It's a weird state of affairs when you find entering China to be some heady, exhilarating burst of freedom. Yet, last week, as I left North Korea and crossed into China by train, I felt just that. You become institutionalised remarkably quickly in a totalitarian state: what you find peculiar on the first day soon becomes the norm. I imagine it's just the way we are programmed to survive.
Arriving in Dangdong, the Chinese city that is so tantalisingly close that North Koreans can see it across the river, everything was different. For a start, we had our mobile phones back. They had been confiscated on arrival in North Korea and were put in a sealed bag. Suddenly everyone was ringing home to say they were safe and sound, but it was difficult to make ourselves heard over the din of Chinese passengers screaming into their own mobiles. I realised suddenly that we hadn't heard a raised voice for the whole week we'd been in the world's most secretive country.
We sat down for a meal and were served by a mouthy battleaxe of a waitress who queried every one of our choices. Simon, our guide, remarked that it was very difficult to have a row in North Korea and almost impossible not to in China.
As we stood on the platform at Dangdong, waiting for our train to Beijing, we looked through railings down into the streets below. The mass of humanity was infinitely varied. I saw Westerners and Japanese, even the odd African, as well as the full gamut of Chinese. In North Korea I'd seen one other Westerner – a lone Frenchman who would invariably turn up at the same approved tourist sites. I also saw no disabled people, no street hawkers, not even any shops really – or not any that we were allowed to visit anyhow.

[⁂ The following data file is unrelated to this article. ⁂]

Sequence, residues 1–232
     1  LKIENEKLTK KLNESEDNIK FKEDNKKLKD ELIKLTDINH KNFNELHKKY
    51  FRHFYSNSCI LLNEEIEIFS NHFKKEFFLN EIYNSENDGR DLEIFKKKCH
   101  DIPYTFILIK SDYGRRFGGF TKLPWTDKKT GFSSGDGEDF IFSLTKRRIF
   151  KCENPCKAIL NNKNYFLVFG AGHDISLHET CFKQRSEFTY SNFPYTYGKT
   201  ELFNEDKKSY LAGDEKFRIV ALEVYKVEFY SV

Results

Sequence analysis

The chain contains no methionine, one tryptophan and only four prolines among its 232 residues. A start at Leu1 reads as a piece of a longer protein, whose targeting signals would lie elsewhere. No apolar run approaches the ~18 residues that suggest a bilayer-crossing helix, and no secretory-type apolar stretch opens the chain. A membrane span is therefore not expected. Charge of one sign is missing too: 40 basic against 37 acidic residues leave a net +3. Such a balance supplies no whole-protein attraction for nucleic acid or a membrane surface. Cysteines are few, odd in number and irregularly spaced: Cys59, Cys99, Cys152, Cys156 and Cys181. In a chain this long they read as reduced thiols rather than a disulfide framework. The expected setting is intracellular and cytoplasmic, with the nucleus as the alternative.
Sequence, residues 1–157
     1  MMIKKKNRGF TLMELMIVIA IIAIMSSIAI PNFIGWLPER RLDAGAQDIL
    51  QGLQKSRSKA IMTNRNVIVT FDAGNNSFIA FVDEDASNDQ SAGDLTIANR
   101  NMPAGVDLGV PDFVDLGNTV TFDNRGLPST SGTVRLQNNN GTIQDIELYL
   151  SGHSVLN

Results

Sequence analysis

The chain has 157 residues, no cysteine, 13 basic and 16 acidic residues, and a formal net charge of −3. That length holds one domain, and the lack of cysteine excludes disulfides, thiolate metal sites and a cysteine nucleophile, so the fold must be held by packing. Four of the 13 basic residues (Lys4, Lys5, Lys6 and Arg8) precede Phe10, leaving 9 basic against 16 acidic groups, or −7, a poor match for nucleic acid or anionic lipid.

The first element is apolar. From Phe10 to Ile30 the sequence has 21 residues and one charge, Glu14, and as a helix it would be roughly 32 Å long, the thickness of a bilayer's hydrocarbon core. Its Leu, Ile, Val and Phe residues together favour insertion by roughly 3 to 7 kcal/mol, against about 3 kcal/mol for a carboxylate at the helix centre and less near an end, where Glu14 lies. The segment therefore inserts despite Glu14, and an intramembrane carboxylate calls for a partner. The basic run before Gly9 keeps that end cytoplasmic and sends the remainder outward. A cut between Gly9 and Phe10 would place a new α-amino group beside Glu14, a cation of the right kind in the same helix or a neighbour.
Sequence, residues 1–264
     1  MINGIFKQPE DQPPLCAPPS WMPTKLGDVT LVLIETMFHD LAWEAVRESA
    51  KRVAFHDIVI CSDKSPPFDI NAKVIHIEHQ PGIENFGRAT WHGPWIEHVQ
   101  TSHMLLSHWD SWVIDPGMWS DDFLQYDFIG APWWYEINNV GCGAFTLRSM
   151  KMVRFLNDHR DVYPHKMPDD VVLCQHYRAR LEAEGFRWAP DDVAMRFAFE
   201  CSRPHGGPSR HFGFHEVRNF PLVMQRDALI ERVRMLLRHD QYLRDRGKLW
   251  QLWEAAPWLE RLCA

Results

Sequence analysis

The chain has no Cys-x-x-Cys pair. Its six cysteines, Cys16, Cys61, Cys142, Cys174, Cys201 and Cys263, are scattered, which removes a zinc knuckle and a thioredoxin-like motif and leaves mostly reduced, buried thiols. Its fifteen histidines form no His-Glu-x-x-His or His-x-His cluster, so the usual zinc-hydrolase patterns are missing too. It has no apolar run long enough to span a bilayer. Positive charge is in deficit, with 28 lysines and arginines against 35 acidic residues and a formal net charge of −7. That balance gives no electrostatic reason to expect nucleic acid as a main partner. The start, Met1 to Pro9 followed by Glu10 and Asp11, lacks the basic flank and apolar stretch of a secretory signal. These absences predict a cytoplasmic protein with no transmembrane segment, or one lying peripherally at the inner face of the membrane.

We sometimes went to "exhibition halls" where we could purchase extensive amounts of literature written by both the "Great Leader" (Kim Il-sung) and the "Dear Leader" (Kim Jong-il). I opted for a rare tome, not penned by either of them, called The US Imperialists Started the Korean War. It's not exactly a page-turner, but it will look good by my loo.
Our hotel in North Korea, an approved "international hotel", was a curious one. An ugly skyscraper with a dodgy revolving restaurant plonked on top, it sat on an island in the middle of the river in Pyongyang. We were not allowed to leave the grounds unaccompanied and so had to make do with the facilities provided. These weren't bad, although very curious. There was a nine-hole pitch and putt. Golf in the axis of evil was a first for me. And in a claustrophobic basement I found a two-lane bowling alley (made in evil America), a table tennis room, a shoe repair outlet, a billiard table and a swimming pool.
Then I discovered another secret basement entirely run by Chinese from Macau. They boasted an Egyptian-style nightclub, a casino and a dodgy sauna. There was certainly plenty to keep one occupied, but North Koreans were not allowed in, and the only way we really mixed with locals was chatting to the three flirty waitresses in the lobby bar. They ran their own microbrewery and have the best-tasting beer in the country.
It took me some time to get used to traffic in China. Despite our guide in Pyongyang constantly worrying about us crossing roads, there was only about one car every 10 minutes. I imagined our guide having to cross a road in Beijing for the first time: he'd have a heart attack. However, despite speaking very good English and Chinese, he'd never left the country.
The world never fails to surprise me, but North Korea is in a league of her own.Reuse content